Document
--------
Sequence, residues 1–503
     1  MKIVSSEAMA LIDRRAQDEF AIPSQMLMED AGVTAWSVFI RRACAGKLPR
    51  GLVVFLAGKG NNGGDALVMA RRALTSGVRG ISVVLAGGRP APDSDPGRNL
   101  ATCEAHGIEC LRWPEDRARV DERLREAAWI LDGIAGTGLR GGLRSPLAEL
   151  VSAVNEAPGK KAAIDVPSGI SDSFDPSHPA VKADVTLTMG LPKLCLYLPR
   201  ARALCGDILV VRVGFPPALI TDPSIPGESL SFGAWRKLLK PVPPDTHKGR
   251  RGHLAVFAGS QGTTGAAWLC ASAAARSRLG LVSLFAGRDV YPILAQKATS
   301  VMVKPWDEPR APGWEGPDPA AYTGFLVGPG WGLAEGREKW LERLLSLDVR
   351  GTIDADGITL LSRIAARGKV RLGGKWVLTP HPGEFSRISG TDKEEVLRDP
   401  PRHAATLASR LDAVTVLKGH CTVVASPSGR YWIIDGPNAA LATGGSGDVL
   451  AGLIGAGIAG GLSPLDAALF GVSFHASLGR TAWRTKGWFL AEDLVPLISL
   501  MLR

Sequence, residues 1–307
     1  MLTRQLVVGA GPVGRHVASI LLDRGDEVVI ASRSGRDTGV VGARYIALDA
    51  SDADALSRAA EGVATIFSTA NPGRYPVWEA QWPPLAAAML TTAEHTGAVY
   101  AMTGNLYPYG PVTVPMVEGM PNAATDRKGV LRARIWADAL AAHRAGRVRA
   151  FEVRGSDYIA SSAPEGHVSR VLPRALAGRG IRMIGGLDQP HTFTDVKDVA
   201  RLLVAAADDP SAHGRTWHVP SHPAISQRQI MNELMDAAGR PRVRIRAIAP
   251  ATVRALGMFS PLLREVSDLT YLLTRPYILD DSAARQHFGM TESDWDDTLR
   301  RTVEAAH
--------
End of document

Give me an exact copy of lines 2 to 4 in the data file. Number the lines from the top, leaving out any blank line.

     1  MKIVSSEAMA LIDRRAQDEF AIPSQMLMED AGVTAWSVFI RRACAGKLPR
    51  GLVVFLAGKG NNGGDALVMA RRALTSGVRG ISVVLAGGRP APDSDPGRNL
   101  ATCEAHGIEC LRWPEDRARV DERLREAAWI LDGIAGTGLR GGLRSPLAEL